One Of The Greatest Marketing Mistakes
Corbitt Chandler Thursday, January 10, 2019
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There are two little words that when said in a marketing context whether it’s with a client or at an internal meeting with my team make my stomach turn. It’s literally like I have an aversion to these seemingly insignificant, but in reality incredibly significant little words that are used way too often.
They’re not very intimidating from the outset and even can seem innocent, but in a marketing context, they can be destructive to any campaign. I truly believe this to be one of the greatest marketing mistakes that can be made and it happens a great deal.
Do you want to know what they are?
The two words are, “I like…”
In any other context, not a big deal. We’re allowed to “like” things. I like all kinds of things, but when it comes to marketing it doesn’t matter what I or any other one person likes for that matter.
I hear these two little potentially campaign damning words all the time from clients no matter the company's size or specific industry. In corporate America where I spent over a decade, these two words were more than commonplace from the executive staff who used them as if they were a Judge slamming his gavel down sentencing someone.
The words “I like” can escape and create toxicity into a number of places they don’t need to be. Really any strategy session can be infiltrated by them and the reality is unless you're talking about your flavor of ice cream, style of clothing, etc. they shouldn't be used. Certainly, not as Gospel which many times they are.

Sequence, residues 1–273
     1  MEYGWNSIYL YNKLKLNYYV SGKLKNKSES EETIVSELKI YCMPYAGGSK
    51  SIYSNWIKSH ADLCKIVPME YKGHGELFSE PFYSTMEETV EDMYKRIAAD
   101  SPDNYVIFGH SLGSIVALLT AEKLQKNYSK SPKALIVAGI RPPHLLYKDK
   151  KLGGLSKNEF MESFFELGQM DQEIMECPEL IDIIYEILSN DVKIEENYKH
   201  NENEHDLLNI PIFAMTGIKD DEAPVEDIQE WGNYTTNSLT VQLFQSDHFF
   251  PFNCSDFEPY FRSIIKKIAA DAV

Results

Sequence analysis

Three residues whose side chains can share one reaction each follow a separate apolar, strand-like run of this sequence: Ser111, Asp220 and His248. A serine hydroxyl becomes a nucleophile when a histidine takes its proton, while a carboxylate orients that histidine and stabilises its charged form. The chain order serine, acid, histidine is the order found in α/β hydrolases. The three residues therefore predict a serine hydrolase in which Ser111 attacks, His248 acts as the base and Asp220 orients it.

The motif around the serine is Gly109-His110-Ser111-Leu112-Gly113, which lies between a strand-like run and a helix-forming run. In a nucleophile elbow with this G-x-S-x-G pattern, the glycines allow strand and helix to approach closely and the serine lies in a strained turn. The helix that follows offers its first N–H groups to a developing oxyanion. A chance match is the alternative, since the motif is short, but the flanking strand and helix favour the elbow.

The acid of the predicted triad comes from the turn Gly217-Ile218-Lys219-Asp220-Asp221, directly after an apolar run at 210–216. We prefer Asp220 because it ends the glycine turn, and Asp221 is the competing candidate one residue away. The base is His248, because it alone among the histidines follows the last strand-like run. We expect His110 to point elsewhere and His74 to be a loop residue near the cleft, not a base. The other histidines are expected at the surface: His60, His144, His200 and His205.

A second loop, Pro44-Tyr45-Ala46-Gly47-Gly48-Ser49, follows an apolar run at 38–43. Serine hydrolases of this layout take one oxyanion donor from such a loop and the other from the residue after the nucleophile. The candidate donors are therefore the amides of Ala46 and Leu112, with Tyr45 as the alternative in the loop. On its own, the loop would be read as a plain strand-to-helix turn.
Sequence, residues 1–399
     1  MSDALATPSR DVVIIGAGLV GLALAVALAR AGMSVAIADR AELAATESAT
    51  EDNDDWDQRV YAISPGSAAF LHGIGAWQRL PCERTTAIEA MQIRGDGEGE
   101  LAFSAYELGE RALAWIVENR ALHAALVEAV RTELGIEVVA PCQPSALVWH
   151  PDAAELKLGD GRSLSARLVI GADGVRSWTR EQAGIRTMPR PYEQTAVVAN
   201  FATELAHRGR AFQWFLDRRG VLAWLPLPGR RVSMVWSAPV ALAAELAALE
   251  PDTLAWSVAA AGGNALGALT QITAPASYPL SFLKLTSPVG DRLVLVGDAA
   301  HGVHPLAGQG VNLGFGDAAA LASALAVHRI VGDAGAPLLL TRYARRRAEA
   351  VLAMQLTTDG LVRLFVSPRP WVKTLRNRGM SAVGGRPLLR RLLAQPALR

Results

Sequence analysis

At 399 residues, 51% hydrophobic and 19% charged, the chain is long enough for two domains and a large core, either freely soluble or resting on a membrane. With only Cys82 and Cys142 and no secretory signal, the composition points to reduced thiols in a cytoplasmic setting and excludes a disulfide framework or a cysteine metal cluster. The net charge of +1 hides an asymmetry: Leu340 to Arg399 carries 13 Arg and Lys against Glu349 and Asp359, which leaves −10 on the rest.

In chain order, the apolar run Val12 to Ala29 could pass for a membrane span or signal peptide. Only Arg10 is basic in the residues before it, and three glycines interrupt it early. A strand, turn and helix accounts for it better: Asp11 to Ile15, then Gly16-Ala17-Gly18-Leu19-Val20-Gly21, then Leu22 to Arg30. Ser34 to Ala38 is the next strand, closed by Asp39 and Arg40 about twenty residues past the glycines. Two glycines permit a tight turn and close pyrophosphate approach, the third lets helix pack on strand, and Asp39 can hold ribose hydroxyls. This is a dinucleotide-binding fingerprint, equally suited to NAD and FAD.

Watch out for them in your next meeting. If you haven’t stepped back to observe this, it will now be like when you buy a new car and then see 5 of the exact same cars the next day. The sentence always starts, ends or has somewhere in between it in some form or fashion, “I like.”
“I like this color on this section of the page.”
“I like the way this (insert whatever here) looks.”
“THIS is what I like.”
Again, from the outset stating that you like something doesn’t sound as such a bad thing, does it? The client or someone on your team should be able to express to you their preferences and to that, I would say, "you're absolutely correct!"
But, often times when “I like” or whatever that really subjective personal preference is trumps what matters, that's where we get into trouble.
So, what is it that truly matters over our client's preferences and even our own? When you’re creating your next killer campaign no matter who it’s for what you or anyone else likes is many times the exact opposite of what matters most. What matters most is “what works” and what works is based on market data.
While someone liking something is subjective, what works is objective because it’s based on the market place’s preferences and historical PROVEN evidence. Specifically, key learnings that are once again proven, time-tested and drive campaign the most important thing in any campaign - tangible results.
These tactics and methodologies drive results not because, we at my agency, Apex Current or any marketer worth their salt wants some element in a certain way, but because it’s what the marketplace wants. Those many rounds of testing lead to refinement that creates these key learnings.
You see we live in a free market economy here in the US (as well as any many other countries today) and that free market votes with their hard-earned dollars. You either get votes and you win the day or you don’t and it’s back to the drawing board.
Because as the marketplace makes value decisions it effectively votes up or down your whatever your campaign goals are be it leads, sales, app installs, downloads, etc.. As it votes up or down we have the ability to iterate upon each campaign effort and it is improved upon to find what works.